Grit Blogs > Adventures of Old Nebraska Dave

Spring Project: Gravity-fed Watering System

A photo of Nebraska DaveHey folks! Glad you could come back and sit a spell. I always enjoy seeing you. I've been busy this last week with spring projects. Things are starting to bloom around the Urban Ranch. I planted tulip, daffodil, and crocus last fall and they certainly have not disappointed me. I'm not sure what the official name for these tulips are but I call them "Tulips of fire." They are absolutely the best tulips that I have ever had on the ranch.

Tulips of fire

Daffodils in competition with tulips

The daffodils certainly were in competition with the tulips. I had a double row of about 60 or 70 of these guys. Their bloom cycle is winding down and I actually dead headed their little shriveled blooms today. They did put on quite the display for the neighborhood for a couple weeks. I want to interplant day lilies in this flower bed to keep the area alive as the daffodils die down in early summer.

Grandson Bradley jamming on mandolin

Hey how did that picture get in there? Oh well that's just my grandson jamming on the mandolin. He doesn't know how to do much other than make noise now, but who knows maybe someday. He sure got the hang of holding and strumming the strings quick.

Lifting the horse tank

Here's one of those summer projects that I am working on. I finally got ambitious this week and got started. It's a 1200 gallon horse tank that I want to use as a gravity feed watering system for my raised garden beds. It seems that I'm gone a lot for a week or ten days at a time and to keep the garden alive I need to have a watering system in place.

Piece of concrete found while digging in the backyard

The first thing that has to happen is of course the foundation to set the tank on. When digging in any urban ranch backyard one never knows what can be unearthed. Here you see a big chunk of concrete that apparently was used for something at one time or another and just buried in the backyard to get rid of it. Nice!!

A tree root that's also in the way of my digging

There's another hazard when digging in the urban backyard. One must be careful to clearly determine what exactly has been found before chopping it out. Buried utilities run through yards without a whole lot of logic. One day while working on another project last year I chopped through what I thought was root and suddenly my cable TV didn't work any more. So now I'm very cautious about digging in the yard. Anyway this is clearly a tree root, and I got the axe and made short order of the pesky thing.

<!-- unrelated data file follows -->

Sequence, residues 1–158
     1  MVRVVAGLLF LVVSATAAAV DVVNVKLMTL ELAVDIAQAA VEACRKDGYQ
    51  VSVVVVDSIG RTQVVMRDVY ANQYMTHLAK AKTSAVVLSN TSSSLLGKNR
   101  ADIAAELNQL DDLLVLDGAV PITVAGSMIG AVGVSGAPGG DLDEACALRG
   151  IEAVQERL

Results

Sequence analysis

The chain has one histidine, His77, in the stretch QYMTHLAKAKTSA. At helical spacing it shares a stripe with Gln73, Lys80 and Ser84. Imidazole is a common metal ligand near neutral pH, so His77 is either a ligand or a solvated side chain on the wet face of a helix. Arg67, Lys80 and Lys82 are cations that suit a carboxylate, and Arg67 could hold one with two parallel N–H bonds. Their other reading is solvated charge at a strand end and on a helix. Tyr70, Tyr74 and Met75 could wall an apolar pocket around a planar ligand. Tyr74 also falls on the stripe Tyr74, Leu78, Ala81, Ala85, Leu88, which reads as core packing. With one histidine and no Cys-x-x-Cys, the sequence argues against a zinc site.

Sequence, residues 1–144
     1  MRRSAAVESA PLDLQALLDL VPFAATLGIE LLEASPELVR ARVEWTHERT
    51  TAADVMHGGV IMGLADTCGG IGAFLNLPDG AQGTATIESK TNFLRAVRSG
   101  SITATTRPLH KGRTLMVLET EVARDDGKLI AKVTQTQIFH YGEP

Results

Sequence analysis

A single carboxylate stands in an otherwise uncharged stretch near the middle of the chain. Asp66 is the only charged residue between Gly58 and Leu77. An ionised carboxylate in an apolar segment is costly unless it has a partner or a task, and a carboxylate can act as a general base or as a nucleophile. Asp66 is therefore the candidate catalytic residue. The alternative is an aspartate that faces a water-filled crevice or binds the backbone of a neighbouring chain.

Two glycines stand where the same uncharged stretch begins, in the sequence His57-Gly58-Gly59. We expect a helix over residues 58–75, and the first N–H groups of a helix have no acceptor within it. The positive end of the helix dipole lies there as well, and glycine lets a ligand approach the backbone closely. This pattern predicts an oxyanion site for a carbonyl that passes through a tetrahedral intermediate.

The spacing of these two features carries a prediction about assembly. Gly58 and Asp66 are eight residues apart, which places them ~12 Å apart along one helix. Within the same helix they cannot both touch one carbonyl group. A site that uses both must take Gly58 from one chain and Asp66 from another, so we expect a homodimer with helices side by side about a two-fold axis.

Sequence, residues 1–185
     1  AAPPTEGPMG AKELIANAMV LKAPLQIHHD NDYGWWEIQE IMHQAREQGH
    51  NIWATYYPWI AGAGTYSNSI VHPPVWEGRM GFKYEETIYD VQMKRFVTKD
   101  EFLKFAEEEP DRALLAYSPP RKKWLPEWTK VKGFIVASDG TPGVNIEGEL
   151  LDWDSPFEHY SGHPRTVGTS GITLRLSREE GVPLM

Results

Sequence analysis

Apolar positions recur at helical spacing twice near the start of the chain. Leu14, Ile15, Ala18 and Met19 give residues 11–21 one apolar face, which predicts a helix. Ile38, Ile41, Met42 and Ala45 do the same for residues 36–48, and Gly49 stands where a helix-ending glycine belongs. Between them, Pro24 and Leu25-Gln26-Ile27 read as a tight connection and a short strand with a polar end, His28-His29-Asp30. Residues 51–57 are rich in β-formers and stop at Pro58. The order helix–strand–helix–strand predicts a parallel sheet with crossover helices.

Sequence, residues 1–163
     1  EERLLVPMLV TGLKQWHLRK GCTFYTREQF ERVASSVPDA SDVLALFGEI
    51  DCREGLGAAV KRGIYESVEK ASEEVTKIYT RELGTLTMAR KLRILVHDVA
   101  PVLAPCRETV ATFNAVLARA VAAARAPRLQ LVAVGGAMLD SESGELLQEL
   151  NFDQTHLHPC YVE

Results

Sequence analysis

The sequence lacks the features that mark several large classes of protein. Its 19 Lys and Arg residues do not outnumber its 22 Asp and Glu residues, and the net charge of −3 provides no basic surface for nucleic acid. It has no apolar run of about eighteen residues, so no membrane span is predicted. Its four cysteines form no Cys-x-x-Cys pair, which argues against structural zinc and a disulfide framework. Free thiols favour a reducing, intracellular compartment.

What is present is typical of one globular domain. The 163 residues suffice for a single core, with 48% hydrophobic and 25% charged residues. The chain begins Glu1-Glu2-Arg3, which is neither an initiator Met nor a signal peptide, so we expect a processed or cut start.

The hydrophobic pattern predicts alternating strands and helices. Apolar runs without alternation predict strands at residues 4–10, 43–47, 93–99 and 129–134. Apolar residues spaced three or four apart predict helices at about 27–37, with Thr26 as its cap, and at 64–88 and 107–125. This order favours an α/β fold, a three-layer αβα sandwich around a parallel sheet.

Tamping the dirt

The next thing after the digging the trench is to pack the dirt as solid as possible. I use an 8-inch square tamper that weighs about 8 or 10 pounds.

Setting the anchor block

Next comes what I call setting the anchor block. Every thing has to be straight and level off the anchor block. This is the most important block of the foundation.

Leveling the block

The block has to be level both on the length of the block and on the width of the block. This first level of the foundation is the most time consuming of the entire project. If this level is not done right the whole project will turn out wrong. Especially since water will be in the tank and we all know that water will seek out a level surface.

First four foundation blocks

There's the first four blocks of what I think will be three high. This process took about three hours with the root chopping and clearing the buried treasures that I found and about three aspirin. There was even a golf ball about a foot and a half down in the dirt. You got me how it got there. I don't even golf. It's a pretty good start for the first day.

Testing the tank on the first blocks

I just rolled the tank up on the blocks to see how it was coming along. Only the front four blocks are finished. I still have to circle the entire rim of the tank with a block base. The center part will be filled with packed down dirt to support the tons of water in the tank.

Well that's about it for this week. Thanks for stopping by and have a wonderful week. Oh wait one last thing.

Hot cap for tomatoes and taking a break

I finished my PCV pipe and trash bag hot cap. It turned out pretty good. I know there are way more inexpensive ways to hot cap tomatoes, but when I get an idea in my head I just got to try it out. Of course there's always time to take a break and drink coffee and think about the next project for the living poor man's patio. Well it's not quite so living right now, but it will be.

See ya next time and leave a comment. I do love to hear about what you think.